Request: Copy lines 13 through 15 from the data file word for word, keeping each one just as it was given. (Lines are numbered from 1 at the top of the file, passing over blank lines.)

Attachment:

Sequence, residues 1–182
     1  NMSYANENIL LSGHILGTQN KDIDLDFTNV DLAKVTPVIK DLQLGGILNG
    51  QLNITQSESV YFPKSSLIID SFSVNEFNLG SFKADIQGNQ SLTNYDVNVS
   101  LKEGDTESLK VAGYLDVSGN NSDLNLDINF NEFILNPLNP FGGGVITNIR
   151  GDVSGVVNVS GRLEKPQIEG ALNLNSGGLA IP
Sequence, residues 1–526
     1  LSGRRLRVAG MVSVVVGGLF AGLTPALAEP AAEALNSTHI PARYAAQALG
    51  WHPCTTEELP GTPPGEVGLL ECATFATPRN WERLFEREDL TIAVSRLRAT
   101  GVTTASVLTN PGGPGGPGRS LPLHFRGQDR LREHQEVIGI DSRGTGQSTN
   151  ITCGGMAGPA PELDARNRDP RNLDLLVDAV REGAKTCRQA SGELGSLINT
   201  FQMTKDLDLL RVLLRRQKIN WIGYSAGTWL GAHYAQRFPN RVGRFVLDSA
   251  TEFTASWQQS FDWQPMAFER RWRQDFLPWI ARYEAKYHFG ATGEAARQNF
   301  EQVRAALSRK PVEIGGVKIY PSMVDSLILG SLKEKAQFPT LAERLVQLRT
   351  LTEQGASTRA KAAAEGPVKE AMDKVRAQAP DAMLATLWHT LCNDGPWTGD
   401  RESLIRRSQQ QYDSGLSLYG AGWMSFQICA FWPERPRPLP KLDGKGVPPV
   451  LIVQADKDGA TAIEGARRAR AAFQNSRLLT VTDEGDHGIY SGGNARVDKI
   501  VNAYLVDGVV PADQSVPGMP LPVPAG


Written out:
   301  EQVRAALSRK PVEIGGVKIY PSMVDSLILG SLKEKAQFPT LAERLVQLRT
   351  LTEQGASTRA KAAAEGPVKE AMDKVRAQAP DAMLATLWHT LCNDGPWTGD
   401  RESLIRRSQQ QYDSGLSLYG AGWMSFQICA FWPERPRPLP KLDGKGVPPV